Sunday, July 1, 2012
A Precious Thing
But perhaps this isn't the right question.
How can I be now? How am I? It's not what I am doing, in the context of some largely illusory action, it's my state. What is my state? Not what was it yesterday, or how will it be tomorrow, what is it right now? Right now. Not later.
The organism has an entire range of vibration in it, and it is available right now. This is what I am made of. This is what Being consists of. Whether I sense it as a coarser or a finer presence, still, that's all there is. And that is all there will ever be; here I am.
So how can I be what I am? This is exactly the point of self observation, to see how I am, not in the context of the deeds I do, but my state. And doing deeds to determine my state? That's a dead end. I have to see my state, that is, undertake a quite different kind of action. To just look.
So the relationship has to be, quite definitely, more organic, arising from a quality of vibration that is whole, that radiates from a center of gravity—perhaps the solar plexus... or perhaps the heart, or the spine, but most certainly, an organic center of gravity. I need to come into relationship with this force, this energy, which arises and manifests within this body to help Being affirm itself.
This is a subtle thing. One has to go deeper; and deeper still. There is discussion of intimacy; there is an admonition to secrecy. This is a private action, an action that must become precious to myself, disregarding all others—my relationship with them is only important after this intimate relationship with myself, and even then, unless I am in relationship with myself, I'm hardly relationship with my life, or them, or anything else. So I have to begin with this inner vibration, this sensation of Being and of the Self.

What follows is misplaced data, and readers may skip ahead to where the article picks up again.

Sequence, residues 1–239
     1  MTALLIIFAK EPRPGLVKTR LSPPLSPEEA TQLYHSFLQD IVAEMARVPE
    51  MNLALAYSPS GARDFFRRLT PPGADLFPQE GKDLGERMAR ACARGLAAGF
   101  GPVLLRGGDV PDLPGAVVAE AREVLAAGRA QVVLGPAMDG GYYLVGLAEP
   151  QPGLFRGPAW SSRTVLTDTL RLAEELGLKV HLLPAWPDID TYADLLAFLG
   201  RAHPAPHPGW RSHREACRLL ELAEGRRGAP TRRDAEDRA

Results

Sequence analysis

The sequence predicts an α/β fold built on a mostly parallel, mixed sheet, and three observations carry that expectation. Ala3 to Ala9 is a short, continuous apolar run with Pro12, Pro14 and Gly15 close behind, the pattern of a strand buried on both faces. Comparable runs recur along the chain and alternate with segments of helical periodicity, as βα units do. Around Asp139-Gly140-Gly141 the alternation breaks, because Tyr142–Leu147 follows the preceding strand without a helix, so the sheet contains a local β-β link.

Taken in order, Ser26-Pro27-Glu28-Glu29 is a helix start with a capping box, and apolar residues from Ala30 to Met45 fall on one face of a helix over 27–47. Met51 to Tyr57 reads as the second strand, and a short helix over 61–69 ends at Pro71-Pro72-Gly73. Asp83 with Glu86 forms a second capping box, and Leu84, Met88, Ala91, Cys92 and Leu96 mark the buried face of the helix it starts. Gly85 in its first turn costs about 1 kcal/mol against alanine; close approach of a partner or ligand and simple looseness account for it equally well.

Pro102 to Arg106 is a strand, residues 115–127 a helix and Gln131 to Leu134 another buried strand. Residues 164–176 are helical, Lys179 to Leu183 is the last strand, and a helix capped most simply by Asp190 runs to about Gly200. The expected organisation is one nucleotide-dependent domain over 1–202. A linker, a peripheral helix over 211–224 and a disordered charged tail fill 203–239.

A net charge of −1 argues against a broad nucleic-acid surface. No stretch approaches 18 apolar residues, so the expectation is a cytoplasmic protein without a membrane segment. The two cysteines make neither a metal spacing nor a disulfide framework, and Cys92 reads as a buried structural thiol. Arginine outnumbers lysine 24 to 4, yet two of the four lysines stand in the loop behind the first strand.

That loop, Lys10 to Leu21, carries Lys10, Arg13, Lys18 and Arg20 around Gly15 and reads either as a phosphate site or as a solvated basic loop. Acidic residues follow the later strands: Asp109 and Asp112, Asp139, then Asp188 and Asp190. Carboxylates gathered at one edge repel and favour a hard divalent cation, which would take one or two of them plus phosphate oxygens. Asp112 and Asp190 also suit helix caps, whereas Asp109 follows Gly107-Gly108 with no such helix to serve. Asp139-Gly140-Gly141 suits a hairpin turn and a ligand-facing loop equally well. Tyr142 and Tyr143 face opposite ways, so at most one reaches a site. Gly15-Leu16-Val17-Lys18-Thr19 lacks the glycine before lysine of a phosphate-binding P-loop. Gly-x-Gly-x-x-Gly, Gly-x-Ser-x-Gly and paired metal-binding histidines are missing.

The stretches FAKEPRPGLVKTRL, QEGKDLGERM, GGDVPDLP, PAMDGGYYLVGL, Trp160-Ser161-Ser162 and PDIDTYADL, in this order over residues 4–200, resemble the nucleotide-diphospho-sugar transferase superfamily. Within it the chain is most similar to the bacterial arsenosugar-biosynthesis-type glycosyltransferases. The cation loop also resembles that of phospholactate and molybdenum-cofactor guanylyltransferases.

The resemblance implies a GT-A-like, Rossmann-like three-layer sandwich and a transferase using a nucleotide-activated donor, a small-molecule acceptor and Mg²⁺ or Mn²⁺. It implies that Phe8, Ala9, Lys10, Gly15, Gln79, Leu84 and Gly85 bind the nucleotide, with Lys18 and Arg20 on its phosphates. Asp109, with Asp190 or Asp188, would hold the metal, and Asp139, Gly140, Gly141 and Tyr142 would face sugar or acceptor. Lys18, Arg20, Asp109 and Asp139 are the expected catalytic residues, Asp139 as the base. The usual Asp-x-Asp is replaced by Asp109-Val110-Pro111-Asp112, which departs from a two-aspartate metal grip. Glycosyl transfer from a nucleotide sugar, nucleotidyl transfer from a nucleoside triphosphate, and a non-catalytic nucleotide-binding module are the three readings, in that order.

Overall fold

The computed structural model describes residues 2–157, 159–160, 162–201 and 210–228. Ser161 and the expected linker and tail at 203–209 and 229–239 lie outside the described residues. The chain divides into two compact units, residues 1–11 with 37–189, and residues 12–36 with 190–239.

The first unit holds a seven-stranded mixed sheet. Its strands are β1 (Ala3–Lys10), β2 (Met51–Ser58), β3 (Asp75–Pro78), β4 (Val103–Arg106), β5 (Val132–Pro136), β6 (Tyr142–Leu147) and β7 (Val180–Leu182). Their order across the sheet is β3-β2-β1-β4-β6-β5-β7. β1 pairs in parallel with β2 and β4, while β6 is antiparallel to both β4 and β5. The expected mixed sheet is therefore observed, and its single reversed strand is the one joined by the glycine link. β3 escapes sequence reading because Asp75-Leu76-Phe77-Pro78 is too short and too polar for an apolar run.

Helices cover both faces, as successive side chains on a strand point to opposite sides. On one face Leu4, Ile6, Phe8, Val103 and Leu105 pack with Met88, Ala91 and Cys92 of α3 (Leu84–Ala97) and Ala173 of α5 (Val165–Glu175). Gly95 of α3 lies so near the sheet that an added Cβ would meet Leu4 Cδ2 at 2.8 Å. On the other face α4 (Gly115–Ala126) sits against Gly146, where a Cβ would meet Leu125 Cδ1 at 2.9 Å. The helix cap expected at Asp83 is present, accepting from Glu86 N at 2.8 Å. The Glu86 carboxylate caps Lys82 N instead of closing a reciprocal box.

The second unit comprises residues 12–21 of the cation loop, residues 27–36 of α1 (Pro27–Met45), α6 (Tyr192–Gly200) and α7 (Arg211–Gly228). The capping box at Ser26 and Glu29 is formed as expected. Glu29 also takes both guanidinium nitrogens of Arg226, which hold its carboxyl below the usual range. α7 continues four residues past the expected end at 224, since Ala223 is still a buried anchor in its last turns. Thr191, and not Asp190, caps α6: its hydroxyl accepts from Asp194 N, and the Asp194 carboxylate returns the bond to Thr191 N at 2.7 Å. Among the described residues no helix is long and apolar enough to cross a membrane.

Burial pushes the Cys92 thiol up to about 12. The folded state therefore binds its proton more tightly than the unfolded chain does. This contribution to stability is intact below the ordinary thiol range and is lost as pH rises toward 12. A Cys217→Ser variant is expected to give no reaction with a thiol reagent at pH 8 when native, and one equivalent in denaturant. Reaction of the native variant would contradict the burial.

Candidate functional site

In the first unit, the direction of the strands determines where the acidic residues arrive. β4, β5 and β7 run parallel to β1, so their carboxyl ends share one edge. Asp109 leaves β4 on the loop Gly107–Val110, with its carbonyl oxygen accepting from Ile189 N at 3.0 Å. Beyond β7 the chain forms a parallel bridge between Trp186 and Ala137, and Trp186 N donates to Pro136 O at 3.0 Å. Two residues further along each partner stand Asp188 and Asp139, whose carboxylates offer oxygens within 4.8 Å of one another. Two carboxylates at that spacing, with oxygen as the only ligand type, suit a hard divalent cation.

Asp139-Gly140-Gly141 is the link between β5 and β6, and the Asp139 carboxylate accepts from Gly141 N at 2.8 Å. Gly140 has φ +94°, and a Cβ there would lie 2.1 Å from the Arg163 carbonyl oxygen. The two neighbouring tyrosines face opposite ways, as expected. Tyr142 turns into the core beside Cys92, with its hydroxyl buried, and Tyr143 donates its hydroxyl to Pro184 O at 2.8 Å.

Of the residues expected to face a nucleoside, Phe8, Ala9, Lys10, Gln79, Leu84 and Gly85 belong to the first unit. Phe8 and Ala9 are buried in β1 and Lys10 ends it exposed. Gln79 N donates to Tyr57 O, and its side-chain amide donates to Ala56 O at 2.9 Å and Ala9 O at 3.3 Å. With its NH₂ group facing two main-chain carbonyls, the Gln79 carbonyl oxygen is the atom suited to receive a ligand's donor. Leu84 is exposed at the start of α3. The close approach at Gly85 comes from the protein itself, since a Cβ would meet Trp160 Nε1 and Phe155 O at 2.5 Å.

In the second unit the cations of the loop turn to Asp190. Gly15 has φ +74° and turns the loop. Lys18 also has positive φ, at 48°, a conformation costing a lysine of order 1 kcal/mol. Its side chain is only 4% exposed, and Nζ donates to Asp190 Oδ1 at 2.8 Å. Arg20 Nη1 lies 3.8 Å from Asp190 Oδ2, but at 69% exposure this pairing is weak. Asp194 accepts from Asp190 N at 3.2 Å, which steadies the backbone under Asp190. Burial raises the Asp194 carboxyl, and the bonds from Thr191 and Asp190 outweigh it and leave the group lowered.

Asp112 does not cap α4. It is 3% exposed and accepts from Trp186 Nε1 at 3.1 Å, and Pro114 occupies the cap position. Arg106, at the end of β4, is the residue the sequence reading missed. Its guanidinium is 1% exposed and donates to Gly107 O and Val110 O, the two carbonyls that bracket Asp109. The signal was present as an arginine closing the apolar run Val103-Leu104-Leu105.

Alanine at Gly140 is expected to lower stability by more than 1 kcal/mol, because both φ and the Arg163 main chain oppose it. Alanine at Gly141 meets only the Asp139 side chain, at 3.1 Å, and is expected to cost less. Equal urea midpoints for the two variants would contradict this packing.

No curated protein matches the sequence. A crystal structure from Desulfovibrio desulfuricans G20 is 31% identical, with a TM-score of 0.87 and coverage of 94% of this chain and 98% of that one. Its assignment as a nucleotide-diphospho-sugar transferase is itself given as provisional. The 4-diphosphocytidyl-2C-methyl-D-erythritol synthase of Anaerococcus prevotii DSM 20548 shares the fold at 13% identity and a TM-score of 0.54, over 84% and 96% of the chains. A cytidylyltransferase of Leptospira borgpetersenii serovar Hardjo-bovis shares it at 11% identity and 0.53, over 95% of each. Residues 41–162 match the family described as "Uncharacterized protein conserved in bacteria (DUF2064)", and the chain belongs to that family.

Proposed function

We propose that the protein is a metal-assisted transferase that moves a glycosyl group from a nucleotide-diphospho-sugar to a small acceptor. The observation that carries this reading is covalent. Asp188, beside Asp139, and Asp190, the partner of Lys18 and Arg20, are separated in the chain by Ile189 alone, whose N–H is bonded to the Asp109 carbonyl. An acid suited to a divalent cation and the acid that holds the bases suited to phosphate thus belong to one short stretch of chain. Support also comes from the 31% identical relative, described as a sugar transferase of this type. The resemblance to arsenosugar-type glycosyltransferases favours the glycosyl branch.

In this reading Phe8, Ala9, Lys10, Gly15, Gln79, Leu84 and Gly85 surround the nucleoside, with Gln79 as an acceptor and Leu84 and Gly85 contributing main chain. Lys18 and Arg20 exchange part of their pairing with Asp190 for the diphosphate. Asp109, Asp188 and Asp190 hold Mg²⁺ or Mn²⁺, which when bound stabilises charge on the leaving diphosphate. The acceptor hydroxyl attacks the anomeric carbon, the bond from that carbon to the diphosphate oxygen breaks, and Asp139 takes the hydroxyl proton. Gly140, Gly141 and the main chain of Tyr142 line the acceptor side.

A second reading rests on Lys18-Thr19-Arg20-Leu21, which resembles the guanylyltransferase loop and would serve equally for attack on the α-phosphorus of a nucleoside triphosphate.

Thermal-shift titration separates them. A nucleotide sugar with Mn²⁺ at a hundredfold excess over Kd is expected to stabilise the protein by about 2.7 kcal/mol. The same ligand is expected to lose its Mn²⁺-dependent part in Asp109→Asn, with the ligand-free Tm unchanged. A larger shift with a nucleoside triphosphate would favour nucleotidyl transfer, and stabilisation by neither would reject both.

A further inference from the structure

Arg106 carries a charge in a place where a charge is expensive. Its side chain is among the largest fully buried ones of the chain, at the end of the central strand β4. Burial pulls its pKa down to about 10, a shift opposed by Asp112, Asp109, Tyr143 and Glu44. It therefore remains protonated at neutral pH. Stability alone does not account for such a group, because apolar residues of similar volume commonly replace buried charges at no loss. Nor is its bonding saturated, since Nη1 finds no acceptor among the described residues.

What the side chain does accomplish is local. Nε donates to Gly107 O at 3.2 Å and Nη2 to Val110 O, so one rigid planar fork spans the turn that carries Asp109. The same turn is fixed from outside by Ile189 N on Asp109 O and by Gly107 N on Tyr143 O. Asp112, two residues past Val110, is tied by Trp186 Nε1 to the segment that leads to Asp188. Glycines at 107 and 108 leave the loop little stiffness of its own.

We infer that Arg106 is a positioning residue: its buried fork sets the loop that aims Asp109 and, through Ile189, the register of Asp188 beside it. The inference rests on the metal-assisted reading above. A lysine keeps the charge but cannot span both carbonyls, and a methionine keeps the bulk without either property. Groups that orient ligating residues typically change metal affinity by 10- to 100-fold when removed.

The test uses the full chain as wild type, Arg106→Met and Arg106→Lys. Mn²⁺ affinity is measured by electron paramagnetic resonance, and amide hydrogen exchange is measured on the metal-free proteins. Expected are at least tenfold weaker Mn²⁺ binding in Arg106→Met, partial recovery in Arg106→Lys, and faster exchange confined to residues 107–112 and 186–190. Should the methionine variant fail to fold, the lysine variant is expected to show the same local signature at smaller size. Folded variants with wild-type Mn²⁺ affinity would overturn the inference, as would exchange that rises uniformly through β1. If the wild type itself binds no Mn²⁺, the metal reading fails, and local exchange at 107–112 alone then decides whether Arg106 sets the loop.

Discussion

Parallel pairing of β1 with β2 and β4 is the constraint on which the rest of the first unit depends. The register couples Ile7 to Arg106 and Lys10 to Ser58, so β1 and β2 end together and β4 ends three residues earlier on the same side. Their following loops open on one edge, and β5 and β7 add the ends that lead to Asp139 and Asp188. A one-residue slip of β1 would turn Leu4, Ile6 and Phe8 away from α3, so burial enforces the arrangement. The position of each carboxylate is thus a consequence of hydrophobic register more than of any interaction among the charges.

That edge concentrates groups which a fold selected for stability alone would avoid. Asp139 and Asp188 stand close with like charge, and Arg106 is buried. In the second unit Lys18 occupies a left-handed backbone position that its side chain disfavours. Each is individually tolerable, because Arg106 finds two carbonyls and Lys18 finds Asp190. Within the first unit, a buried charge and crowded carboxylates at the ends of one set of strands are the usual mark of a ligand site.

The Self is a precious thing; Being is a precious thing. These two entities or manifestations are both properties of God; for Self and Being arise from and come into expression solely as a fraction of God, as a service to God, and an offering to God. In each instance that awareness arises, divinity is bestowing its action upon its creation. Readers interested in understanding this in an exact theoretical manner are advised to read the opening paragraphs of Ibn al Arabi's Naqsh al-fusûs, his summary of The Bezels of Wisdom, which I think explains the matter with considerably more precision than this essay is able to.
The theoretical understanding, however, isn't what we're investigating today; rather, what can we do in a practical way to come into relationship with this sacred root of Being, which is folded into the mind, the heart, and the sensation of our organism? There's a call to relationship that arises within the body as the sun rises; perhaps it can become more tangible in that moment of awakening, if I look for it specifically, and with some sensitivity. Being grows roots that pass through the body, and it's a connection to these roots I need to be more aware of; Being connects itself through these finest of fibers which spread through the cells, bringing a wholeness of a different order.
Then, there is action, but it begins with a rootedness, a solidity—a sense of gravity—that does not belong to me, but needs my presence nonetheless—and cannot be denied.
In our ongoing discussion of the properties of God, surely this, too, is one of them.
I respectfully hope you will take good care.